Virtual Referencing: The Way Forward

Libraries are constantly evolving to meet the needs of the users. Ranganathan likened the library to a growing organism in his five laws of library science (Barner, 2011, p.2).Traditionally, reference material was in a print format with the reference desk and reference librarian being the main point of contact (Lindbloom et al, 2006, p.5). Increasingly, however, reference material is becoming available in an electronic format. For example in 2002, 5 exabytes of digital material were produced, which is enough to fill 37000 libraries the size of the National Congress Library in the USA with the equivalent print material (Bodner, 2009, p.676). Currently, most of libraries have an extensive and growing virtual reference section (Wallis, 2014, p.52). This blog will investigate the advantages and disadvantages of virtual referencing for the user and the librarian.

Online databases and catalogues provide access into virtual libraries, which require skill and knowledge. The library may subscribe to several databases and the user needs to know which ones are available and the most appropriate one to use to best meet their needs (Wallis, 2014, p.53). The user also needs to be aware of search strategies in order to retrieve the information that they require (Wallis, 2014, p.53). Often databases lack usability, are frustrating and not as easy to browse as print material (Wallis, 2014, p.53). From personal experience, having used online library catalogues and databases both in the academic setting and those provided by public libraries, it can be difficult and frustrating to find the information required even when applying search tools such as Boolean.

Conversely, virtual referencing has significant advantages over print referencing for the user. It allows distance and remote learners to access vast quantities of material without leaving their homes (Saunders, 2012, p.115). Students who live close to the university often prefer online resources as they can get them immediately (Saunders, 2012, p.114 & p.116), without waiting for someone to finish with them and often download them directly to their computer. Personally, I prefer accessing reference materials online for those reasons and frequently spend time in the library doing this.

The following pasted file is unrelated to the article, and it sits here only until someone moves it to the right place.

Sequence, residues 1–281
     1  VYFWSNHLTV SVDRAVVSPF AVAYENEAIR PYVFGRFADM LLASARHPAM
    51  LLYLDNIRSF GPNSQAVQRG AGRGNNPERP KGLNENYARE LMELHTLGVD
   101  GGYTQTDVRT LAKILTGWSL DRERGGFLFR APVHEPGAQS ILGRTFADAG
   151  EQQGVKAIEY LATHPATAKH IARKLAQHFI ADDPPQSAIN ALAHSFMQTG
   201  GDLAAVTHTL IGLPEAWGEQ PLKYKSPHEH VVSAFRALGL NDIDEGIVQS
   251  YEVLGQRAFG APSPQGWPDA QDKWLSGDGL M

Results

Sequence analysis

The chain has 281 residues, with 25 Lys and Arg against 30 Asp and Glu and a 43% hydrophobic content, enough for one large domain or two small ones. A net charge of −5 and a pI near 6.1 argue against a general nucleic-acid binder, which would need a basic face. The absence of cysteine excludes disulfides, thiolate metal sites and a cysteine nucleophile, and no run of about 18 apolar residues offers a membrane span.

The role of the reference librarian has also evolved to meet these changes, with them now providing assistance in person, on the phone and online, either by email or online chat (Lindbloom et al, 2006, p.5). They therefore need to be confident on the internet, with online searching and be able to communicate effectively with the client using online chat (Lindbloom et al, 2006, p.7). Librarians need to develop typing skills (Lindbloom et al, 2006, p.7) and communication skills for the online environment, as they can’t rely on body language (Saunders, 2012, p.127). The advantage of online chat is that it provides the client with an instant response (Bishop & Torrence, 2007, p.119), although it is rarely the best way to assist with a complicated search (Lindbloom et al, 2006, p.9). Email, however, provides the librarian with more time to do a thorough search for the client (Bishop & Torrence, 2007, p.119).

Virtual referencing is increasingly becoming the norm in the library environment and it brings with it challenges and opportunities both for librarians and users.



Reference List

Barner, K. (2011). The library is a growing organism: Ranganathan’s fifth law of library science and the academic library in the digital era. Library Philosophy and Practice. September 2011. 1-9. Retrieved from:

Bishop, B., Torrence, M. (2007). Virtual Reference Services. College & Undergraduate Libraries. 13(4).117-127. doi:10.1300/J106v13n04_08

Bodner, S. (2009) Virtual Reference Reflections. Journal of Library Administration. 49(7). p. 675-685.doi:10.1080/01930820903260432

Lindbloom, M., Yackle, A., Burhans, S., Peters, T., Bell, L. (2006) Virtual Reference. The Reference Librarian. 45(93). p.3-22.doi:10.1300/J120v45n93_02

Saunders, L. (2012). The reality of reference: responsibilities and competencies for current reference librarians. Public Library Services. 8(2). 114-135. doi:10.1080/15228959.2012.662074

Wallis, L. (2014). Building a virtual reference shelf. The Serials Librarian. 67(1). p.52-60. doi:10.1080/0361526X.2014.899291

(Created for student blog: Semester 2, 2015)


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